Clark (1994) and Kozma (1994), in their semantic war, would likely still disagree on the influence of media in learning today. Their debate is complicated because Kozma re-frames it in terms of a future where media will influence learning whereas Clark, in a sweeping statement, claims that “media will never influence learning”(Clark, 1994, p.1).

This 2017 article in The New York Times reports on the move into public education by big tech companies. These efforts are changing many aspects of K-12 education in an “experiment in education [by] influencing the subjects that schools teach, the classroom tools that teachers choose and fundamental approaches to learning” (Singer, 2017). However, Singer (2017) notes that there has not been much oversight by the public, and research of benefits to students has been limited.

Kozma (1994) has the edge in his debate with Clark (1994) though as the power of artificial intelligence (AI) was not yet conceived in the early 1990’s. Clark (1994) might state that the advanced AI tools such as DreamBox mentioned in a report, analyzed by Harvard University, are individually chosen and implemented by teachers choosing a particular methodology and have no educational attributes on their own. Singer (2017) states “so far there is little proof that such technologies improve achievement”.

Kozma (1994) however, might argue that DreamBox which uses 50 000 data points per hour per student (Singer, 2017) to tailor lessons for individual students is an example of an AI product that is essentially teaching the learner on its own, an example of media influencing learning. Facebook used a similar approach in its collaboration with Summit Public Schools mentioned in the article. “Teachers use the software to track students’ work and may intervene when a child is struggling” (Singer, 2017). 

As post secondary classes are progressively moving online, this 2020 article by the Eyeopener reports on how professors at Ryerson University are adapting. While most professors are offering live and/or pre-recorded classes, some professors are choosing alternative methods, including using Zoom, Minecraft, and Miro (Rafique, 2020). 

Dr. Alexandra Bal, a professor of new media, is currently offering a first-year introductory course called “Creative Processes” over Minecraft and Discord (Rafique, 2020). In an interview posted on Ryerson’s Faculty of Communication & Design website, Dr. Bal explains that  “we decided to build a social environment in one of our students’ digital habitats. Since we can not be together physically, we need an environment that simulates a space and allows us to build and make [it] together” (Bartnicki, 2020) . 

Clark (1994) would likely argue that Minecraft serves as the vehicle that “delivers instruction but does not influence student achievement”. However, Dr. Bal suggests that “using our students’ established digital culture and modes of communication will engage them meaningfully in a virtual space and get them to show the digital facet of their identity” (Bartnicki, 2020). Furthermore, she proposes that students will learn digital communication practices they can apply to any field, as well as virtual professional practices for working remotely (Bartnicki, 2020). As such, it could be argued that these outcomes may not occur if media was not being used or the course was taught in a traditional classroom.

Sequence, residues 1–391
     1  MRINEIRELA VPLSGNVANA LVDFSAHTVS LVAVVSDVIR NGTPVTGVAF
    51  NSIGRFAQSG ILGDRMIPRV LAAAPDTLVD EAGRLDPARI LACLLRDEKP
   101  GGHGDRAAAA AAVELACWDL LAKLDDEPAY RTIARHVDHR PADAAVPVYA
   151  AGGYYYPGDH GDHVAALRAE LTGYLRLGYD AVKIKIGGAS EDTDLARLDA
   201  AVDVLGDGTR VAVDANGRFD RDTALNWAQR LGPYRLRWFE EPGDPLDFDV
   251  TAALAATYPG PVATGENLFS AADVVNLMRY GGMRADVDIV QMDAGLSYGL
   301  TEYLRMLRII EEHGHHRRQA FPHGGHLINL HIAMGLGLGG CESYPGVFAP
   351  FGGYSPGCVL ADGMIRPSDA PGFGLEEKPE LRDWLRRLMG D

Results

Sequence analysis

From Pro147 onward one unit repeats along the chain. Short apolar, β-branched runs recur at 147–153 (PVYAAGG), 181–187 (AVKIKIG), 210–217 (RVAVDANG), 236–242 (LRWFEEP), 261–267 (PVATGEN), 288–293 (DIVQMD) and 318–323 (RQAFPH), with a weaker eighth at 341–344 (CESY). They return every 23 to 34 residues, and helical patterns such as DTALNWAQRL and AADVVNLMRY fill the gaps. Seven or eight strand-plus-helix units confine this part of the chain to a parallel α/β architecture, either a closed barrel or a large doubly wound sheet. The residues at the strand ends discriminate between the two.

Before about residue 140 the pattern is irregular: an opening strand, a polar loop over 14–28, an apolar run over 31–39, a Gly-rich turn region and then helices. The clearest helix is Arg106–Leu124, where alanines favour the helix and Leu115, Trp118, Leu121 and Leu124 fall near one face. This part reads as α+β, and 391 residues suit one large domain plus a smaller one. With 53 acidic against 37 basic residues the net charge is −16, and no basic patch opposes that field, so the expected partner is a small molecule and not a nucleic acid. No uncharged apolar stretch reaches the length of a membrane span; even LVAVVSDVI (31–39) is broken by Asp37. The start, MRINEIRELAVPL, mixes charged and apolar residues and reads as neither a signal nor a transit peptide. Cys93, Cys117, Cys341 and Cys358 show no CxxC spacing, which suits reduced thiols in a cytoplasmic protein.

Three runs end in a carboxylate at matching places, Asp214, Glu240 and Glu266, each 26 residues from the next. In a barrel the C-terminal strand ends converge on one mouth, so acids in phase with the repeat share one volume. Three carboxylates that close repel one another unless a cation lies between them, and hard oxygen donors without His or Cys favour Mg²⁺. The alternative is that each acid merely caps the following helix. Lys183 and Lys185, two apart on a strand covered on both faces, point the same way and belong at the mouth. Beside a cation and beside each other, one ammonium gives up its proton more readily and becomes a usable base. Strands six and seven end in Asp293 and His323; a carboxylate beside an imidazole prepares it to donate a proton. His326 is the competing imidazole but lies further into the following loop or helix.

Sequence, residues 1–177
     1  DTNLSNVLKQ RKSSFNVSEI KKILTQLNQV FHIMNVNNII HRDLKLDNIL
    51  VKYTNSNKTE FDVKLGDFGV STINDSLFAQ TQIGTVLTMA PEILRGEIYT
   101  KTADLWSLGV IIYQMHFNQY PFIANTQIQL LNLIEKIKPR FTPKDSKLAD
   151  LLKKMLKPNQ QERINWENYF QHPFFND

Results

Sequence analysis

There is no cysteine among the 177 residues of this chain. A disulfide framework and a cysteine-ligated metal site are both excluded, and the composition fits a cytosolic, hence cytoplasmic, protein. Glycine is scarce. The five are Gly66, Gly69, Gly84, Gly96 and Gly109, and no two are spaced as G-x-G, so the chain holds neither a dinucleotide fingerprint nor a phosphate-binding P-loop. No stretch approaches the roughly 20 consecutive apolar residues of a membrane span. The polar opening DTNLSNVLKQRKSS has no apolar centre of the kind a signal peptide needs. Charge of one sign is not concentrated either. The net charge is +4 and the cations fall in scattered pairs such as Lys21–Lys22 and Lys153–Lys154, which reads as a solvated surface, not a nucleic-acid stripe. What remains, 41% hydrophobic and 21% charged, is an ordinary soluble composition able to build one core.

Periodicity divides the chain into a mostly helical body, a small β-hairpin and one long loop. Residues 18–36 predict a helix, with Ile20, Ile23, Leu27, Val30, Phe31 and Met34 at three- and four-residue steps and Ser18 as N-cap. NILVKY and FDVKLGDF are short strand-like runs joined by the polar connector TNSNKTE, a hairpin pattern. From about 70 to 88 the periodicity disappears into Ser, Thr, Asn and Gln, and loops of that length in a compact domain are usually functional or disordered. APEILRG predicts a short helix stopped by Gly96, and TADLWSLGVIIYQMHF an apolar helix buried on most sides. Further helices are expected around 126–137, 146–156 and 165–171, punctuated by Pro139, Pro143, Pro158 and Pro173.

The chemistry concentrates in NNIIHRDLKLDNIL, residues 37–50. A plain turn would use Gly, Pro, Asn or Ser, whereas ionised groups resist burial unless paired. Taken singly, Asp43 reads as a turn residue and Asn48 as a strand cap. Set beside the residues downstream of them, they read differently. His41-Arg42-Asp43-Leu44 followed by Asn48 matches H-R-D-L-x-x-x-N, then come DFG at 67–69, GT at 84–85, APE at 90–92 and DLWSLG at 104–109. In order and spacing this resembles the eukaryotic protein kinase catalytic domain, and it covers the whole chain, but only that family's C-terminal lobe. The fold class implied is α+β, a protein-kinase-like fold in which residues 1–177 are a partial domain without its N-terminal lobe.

Kozma (1994) would likely apply his argument that Minecraft allows for “the potential for a relationship between media and learning [by considering it as] an interaction between cognitive processes and characteristics of the environment…” (Kozma, 1994, p.3). Likewise, Dr. Bal contends that “Minecraft is a sandbox and we will be able to model the experimental and explorative processes we want our students to celebrate” (Bartnicki, 2020).

In closing, Kozma (1994) stated that “if there is no relationship between media and learning it may be because we have not yet made one” (Kozma, 1994, p. 9). His contention that media is more than a “vehicle” in learning may have more weight in 2020 than it did 26 years ago.

 

References

Bartnicki, N. (2020, August 18). New Media professor enriches virtual learning experience with Minecraft. Retrieved from https://www.ryerson.ca/fcad/news/2020/08/new-media-professor-enriches-virtual-learning-experience-with-minecraft/

Clark, R. E. (1994). Media will never influence learning. Educational Technology Research and Development, 42(2), 21-29.

Center for Education policy Research Harvard University. (2016). DreamBox learning achievement growth in the Howard County public school system and rocketship education. Retrieved from https://cepr.harvard.edu/files/cepr/files/dreambox-key-findings.pdf

Facebook for education. (n.d.). Preparing for a new school year Resources to help educators go back to school, however or wherever. Retrieved from https://www.facebook.com/fb/education/educator-hub

Kozma, R. B. (1994). Will media influence learning: Reframing the debate. Educational Technology Research and Development, 42(2), 7-19.

Rafique, R. (2020, September 23). Rye profs adapt to online classes through unique learning styles. Retrieved from https://theeyeopener.com/2020/09/rye-profs-adapt-to-online-classes-through-unique-learning-styles/ 

Singer, N. (2017, June 6). The silicon billionaires remaking America’s schools. Retrieved from https://www.nytimes.com/2017/06/06/technology/tech-billionaires-education-zuckerberg-facebook-ha

Summit (n.d.). Equipping every student to lead a fulfilled life. Retrieved from https://summitps.org/